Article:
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05 July 2015

Hands On: Teleglitch

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You run down the corridor towards what you hope is safety, only to find yourself cornered by zombies. Soon you are on your last bullet, and then finally darkness overcomes your senses. You have died. 

When the darkness clears and the game-over screen is washed away by your tears of despair, you press the start button once more and return to the beginning of your adventure. Will you make it this time? 


What is Teleglitch?

Teleglitch is a roguelike top-down shooter with pixel graphics by Test3 Projects. The team consists of only three people, Mihkel, Johann Tael and Edvin Aedma. What makes the team especially interesting is that they are from Estonia, not a country that first comes to mind in the area of videogame creation. I had the privilege of talking to Edvin, who was nice enough to answer some of my questions.

1) Do you find that the game is difficult for the team, even though you have created it? 
The difficulty feels good for us and if anything, sometimes even a bit too easy. I've found that once players start to reach the 5th level, they have learned to avoid some of the most common mistakes and therefore the surviving becomes noticeably easier.
2) What was the inspiration behind the storyline to Teleglitch?
The story was inspired most of all by the game name, environment and unit graphics of Teleglitch, which were ready before we created the story. A bit unusual approach, but it seems to have succeeded in conveying exactly the right vibe. I (the writer) was considering something more strange and unusual at first, but then realised that this kind of old-school horror setting has a strong appeal to nostalgia, so I went with a more "classic" storyline instead. 
Since the title already referred to a glitch in the teleporting technology, and we had abandoned industrial/scientific rooms filled with opponents who were not behaving as sane, intelligent and helpful gentlemen, the military research & training facility as a setting seemed optimal. 
Likeness to good oldies like Doom and Quake emerged therefore very naturally and I feel like we succeeded in creating a similar atmosphere while still staying original and giving birth to a little dark universe of our own :)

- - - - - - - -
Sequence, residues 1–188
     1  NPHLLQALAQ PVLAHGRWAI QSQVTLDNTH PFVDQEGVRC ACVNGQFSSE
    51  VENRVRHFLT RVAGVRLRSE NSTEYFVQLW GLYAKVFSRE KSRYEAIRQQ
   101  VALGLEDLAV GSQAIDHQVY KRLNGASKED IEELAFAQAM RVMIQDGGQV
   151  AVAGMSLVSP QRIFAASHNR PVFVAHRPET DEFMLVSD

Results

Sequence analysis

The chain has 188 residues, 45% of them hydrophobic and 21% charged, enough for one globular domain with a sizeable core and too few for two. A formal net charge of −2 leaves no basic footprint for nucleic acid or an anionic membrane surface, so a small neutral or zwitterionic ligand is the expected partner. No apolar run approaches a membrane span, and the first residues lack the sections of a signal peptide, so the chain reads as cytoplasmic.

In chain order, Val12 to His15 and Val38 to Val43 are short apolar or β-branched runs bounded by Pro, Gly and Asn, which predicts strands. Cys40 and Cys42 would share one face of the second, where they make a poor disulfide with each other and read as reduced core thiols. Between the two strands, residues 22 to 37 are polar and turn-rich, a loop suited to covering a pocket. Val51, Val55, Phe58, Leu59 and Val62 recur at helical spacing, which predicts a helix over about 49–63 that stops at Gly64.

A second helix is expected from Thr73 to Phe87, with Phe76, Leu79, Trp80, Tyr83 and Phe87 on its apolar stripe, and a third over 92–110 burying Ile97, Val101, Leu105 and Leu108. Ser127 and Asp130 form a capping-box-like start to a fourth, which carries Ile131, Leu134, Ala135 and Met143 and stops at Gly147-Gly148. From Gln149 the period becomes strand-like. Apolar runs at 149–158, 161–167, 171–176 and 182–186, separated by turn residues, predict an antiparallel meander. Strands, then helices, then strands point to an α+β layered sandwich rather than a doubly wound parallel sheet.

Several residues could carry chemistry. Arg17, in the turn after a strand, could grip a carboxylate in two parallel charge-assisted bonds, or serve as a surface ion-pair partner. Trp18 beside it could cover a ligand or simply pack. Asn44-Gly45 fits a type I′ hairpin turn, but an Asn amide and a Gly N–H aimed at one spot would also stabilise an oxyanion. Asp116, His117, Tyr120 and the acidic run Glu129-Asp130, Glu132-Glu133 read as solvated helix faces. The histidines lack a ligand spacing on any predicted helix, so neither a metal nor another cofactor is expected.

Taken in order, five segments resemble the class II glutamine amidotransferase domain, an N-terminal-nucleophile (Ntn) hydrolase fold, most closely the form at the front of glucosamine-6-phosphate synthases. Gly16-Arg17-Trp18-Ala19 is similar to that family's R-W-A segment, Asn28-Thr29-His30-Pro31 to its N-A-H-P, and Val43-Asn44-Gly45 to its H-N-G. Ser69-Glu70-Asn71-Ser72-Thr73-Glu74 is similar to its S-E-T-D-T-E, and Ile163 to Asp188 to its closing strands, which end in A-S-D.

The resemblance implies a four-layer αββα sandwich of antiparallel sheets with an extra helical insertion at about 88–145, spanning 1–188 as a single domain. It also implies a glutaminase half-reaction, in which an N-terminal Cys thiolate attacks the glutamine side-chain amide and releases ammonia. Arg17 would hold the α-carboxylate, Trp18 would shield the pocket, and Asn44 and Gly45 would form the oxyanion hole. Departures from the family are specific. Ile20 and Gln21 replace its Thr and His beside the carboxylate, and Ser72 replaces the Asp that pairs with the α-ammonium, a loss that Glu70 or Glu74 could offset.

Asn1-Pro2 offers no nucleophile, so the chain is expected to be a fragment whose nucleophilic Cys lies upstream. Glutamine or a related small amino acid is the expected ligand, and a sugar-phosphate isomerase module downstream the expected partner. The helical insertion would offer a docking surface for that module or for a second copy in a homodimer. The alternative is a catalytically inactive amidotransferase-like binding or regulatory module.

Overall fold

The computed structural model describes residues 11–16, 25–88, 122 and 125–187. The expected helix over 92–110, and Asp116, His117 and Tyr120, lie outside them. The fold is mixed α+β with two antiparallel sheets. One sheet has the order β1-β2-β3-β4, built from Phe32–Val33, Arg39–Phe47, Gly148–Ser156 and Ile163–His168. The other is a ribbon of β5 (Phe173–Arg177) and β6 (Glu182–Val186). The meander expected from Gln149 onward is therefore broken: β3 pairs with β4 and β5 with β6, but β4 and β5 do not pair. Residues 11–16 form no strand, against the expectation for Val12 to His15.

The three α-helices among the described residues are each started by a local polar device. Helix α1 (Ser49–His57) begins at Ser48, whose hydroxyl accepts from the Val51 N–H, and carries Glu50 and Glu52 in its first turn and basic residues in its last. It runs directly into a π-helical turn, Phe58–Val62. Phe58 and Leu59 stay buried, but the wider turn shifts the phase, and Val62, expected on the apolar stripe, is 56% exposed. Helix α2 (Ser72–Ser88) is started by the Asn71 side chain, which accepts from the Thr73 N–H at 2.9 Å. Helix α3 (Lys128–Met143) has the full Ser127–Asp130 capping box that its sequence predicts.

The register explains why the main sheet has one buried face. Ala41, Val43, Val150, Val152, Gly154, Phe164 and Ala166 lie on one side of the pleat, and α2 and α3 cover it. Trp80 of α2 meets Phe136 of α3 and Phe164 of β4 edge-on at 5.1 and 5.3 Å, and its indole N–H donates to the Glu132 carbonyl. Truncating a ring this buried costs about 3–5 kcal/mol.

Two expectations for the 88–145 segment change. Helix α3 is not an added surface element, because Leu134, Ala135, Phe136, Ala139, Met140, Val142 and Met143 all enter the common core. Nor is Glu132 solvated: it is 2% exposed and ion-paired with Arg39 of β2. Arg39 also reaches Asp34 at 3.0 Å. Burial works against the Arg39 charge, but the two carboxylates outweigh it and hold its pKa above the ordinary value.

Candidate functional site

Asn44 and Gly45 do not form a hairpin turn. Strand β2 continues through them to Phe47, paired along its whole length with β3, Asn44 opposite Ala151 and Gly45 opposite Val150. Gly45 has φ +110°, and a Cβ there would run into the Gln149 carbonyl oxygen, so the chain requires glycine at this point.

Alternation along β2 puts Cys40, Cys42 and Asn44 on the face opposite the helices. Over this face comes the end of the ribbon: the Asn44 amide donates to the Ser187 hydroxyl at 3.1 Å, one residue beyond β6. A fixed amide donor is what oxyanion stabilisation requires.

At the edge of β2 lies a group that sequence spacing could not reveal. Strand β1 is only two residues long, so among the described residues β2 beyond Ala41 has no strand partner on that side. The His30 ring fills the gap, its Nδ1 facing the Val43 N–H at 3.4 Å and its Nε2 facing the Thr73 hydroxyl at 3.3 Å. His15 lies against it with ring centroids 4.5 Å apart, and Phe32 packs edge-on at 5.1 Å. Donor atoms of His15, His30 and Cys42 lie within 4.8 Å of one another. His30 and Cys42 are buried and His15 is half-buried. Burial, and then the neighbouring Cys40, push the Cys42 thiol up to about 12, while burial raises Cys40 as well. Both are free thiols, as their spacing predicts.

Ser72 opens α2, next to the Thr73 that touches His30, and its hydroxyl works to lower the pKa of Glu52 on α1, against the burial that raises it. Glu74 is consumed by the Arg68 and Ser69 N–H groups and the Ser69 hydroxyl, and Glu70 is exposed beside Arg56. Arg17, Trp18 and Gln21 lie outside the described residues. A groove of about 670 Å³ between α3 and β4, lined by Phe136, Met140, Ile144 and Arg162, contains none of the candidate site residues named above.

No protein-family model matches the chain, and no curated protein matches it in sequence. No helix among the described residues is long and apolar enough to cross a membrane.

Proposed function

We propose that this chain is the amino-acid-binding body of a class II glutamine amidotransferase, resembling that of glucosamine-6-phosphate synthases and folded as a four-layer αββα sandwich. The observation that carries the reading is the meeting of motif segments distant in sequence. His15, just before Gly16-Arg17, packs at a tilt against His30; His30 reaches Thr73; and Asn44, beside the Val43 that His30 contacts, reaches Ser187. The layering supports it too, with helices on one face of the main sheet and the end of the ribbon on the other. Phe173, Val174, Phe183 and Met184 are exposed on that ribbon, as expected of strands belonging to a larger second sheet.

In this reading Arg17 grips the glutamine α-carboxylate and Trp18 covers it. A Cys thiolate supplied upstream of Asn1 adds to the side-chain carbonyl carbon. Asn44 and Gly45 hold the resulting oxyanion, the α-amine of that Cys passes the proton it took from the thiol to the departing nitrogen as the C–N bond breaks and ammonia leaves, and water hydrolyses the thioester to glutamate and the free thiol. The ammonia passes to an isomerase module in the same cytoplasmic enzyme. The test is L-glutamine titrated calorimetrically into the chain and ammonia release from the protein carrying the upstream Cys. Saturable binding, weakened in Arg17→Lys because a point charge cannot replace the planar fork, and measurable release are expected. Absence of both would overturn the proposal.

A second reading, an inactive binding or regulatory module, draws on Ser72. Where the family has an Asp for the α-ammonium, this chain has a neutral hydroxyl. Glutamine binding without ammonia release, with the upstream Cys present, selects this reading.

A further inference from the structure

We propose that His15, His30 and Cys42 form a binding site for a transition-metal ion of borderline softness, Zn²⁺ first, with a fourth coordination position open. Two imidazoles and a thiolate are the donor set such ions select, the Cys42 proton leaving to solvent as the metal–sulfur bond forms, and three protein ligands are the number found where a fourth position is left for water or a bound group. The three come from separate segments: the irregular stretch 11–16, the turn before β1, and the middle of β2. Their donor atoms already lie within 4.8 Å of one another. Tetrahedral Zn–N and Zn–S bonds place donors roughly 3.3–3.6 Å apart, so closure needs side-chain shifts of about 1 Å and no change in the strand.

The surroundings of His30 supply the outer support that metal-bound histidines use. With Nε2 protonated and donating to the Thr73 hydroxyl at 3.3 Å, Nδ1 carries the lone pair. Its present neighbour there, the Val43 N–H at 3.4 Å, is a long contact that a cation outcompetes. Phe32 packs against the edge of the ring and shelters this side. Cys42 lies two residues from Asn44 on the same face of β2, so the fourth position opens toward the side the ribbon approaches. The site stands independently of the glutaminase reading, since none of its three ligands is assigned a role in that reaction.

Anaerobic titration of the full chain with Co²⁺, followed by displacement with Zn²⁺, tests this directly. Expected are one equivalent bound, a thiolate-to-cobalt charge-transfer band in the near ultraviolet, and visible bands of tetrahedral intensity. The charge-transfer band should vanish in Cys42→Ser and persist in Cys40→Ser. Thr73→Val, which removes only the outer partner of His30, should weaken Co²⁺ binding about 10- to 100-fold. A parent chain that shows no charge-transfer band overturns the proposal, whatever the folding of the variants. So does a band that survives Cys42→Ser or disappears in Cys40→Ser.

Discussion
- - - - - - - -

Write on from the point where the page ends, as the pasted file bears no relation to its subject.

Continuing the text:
3) Related to the above, could you tell me a little bit about the idea and how Teleglitch came about?
The current form of Teleglitch emerged out of many prototypes  and other unreleased experiments with the top-down shooter game mechanics. It took about two years until it evolved, bit by bit, into what it is at the moment, and another year to hone it into the pixelated, robust gem (or a piece of chiselled gravel, perhaps?) that it has become. 
The game takes place in procedurally generated military research and training complex that has a different map every time you play, making this title an exceedingly hard playthrough for those who enjoy a challenge. It also features 20+ types of enemy, over 40 types weaponry and devices and a unique salvaging crafting system that will entertain many for hours. However, being a roguelike game, when you die it's all over! The game will delete your save file and you will begin again from the start. 

A tool for every situation

The gameplay of Teleglitch is fairly simple. Walk with the WASD buttons, move your aim with the mouse and shoot with a click. Dodging is important, you have to stay out of the range of your enemy while you destroy them. This is very important to your survival and future enjoyment of the game - you need to live to see the end after all. Of course, with a little help from the crafting system, you can use the weaponry of the game to great effect.

There are many weapons in Teleglitch. Some are obvious, others are ingenious and many are downright explosive. You can choose to upgrade your weapon of choice or create new ones as you please when you discover the right parts to move forwards. On my best run, my weapon of choice was a grenade launcher backed up with an assault rifle, which served me well until level three where I met my match in the form of the facility's former guards, who promptly peppered me with bullets. 



My favourite weapon so far has to be the adhesive grenade launcher. This baby saved me in many a close encounter when my normal weaponry would have failed against the hordes. Alas, this glorious gun was out of ammunition as I entered level three, and I credit it to my downfall that I relied far too heavily on a weapon of choice instead of making sure I was capable of using my entire arsenal. To my shame, I died holding a rocket launcher, three bombs and a revolver that could probably have saved my life. 

It is very easy to get comfortable with a weapon type and then find yourself lost when you run out of ammunition. Players will find they naturally enjoy one style of gameplay more than another; there are explosives, there are close range guns, long range guns and fast firing ones which leave plenty to choose from while you play, and if the going gets tough you can punch the mutants away!

Punching is a very interesting and often lifesaving technique. I would heavily advise the potential challengers of Teleglitch to spend some time mastering melee combat, it saves ammo and if you can get the right hit you can often oneshot several of the monsters. Speaking of which...